A joint modelling of the hazards allows fitting models with common parameters; this results in more parsimonious models and more efficient parameter estimators [4, 18]. This may be interesting when studying related events (such as local recurrence and distant metastasis in cancer patients) to allow some covariates to have the same effect. The simultaneous estimation on duplicated data facilitates direct comparisons between eventspecific baseline hazards and also between covariate effects, using standard statistical tests. Tai et al. compared the joint modelling of eventspecific hazards to other nonparametric approaches commonly used in competing risk situations [27]. Their comparisons were based on graphical representations of the cumulative incidence function (i.e., the probability for a specific event occurring before a given time t) and they have shown that the estimates of the cumulative incidence functions obtained with the joint modelling of hazards were very close to the nonparametric estimates [27].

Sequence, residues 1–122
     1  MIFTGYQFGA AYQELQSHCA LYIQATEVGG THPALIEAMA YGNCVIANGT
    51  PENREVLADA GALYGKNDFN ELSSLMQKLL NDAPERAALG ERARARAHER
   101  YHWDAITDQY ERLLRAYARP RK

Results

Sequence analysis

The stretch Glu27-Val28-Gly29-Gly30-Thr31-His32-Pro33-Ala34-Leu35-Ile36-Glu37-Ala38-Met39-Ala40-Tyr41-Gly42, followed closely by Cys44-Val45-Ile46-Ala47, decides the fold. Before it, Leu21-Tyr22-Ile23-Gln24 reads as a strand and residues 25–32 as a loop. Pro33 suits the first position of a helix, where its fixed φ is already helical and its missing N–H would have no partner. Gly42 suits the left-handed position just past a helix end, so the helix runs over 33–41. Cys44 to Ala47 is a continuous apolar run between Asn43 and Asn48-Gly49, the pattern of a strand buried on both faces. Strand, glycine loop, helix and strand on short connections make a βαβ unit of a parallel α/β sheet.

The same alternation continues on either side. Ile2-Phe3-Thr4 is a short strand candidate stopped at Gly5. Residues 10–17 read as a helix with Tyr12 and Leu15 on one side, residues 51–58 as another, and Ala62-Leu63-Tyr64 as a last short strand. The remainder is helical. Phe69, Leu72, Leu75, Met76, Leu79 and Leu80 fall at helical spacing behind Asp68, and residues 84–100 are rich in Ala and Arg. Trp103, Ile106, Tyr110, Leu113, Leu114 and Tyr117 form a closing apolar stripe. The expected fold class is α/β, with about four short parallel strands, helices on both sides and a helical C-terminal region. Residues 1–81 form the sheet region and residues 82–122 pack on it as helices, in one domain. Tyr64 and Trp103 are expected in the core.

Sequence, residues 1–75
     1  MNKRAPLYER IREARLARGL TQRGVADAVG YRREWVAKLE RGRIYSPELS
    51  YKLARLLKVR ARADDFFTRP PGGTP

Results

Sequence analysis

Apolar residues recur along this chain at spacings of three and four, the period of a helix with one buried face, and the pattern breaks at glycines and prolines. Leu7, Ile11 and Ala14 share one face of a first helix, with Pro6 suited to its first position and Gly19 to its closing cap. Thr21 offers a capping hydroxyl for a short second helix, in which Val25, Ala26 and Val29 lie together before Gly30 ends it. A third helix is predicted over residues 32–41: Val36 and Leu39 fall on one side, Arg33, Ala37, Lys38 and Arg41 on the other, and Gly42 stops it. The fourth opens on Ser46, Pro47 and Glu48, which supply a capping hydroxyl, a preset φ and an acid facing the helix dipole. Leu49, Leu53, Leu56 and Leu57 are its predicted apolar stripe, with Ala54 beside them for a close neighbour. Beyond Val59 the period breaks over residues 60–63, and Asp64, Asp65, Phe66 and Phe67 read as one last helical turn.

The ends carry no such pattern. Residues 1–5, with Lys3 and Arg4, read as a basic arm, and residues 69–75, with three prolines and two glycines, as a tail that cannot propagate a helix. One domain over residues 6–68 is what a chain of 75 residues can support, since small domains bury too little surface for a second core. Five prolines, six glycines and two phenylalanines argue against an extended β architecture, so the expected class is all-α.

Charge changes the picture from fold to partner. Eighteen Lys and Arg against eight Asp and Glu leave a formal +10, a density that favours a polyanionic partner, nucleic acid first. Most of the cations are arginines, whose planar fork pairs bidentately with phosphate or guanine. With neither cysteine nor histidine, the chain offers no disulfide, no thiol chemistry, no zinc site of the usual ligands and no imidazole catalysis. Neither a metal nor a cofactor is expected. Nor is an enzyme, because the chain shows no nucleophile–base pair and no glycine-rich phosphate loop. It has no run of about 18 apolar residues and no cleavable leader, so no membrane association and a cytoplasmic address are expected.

In our new model (3), we assumed a common pattern for all eventspecific hazards, which may be dubious in most cases. Whenever the assumption of a common pattern does not hold, a simple approach could be to analyse the competing risk data stratified on the type of event. While this approach assigns different baseline hazard functions for each type of event, it does not allow comparisons between all types of events in a single analysis. In our new flexible model (4), the introduction of a timedependent log HRs b_{ k } (t) between eventspecific hazards offers the advantage of relaxing the assumption of a common pattern and of estimating jointly the baseline hazards relative to all types of events. As shown in our colon cancer application, this helps understanding the natural history of the disease through the way the eventspecific baseline hazard changes over time, including the recurrencefree excess death hazard. Moreover, a parametric framework allows using classical and wellknown inference tools: for example, comparing the model with a constant b_{ k } against the model with b_{ k } (t) using the LR test with the appropriate df allows to test the assumption of common pattern for baseline hazard functions.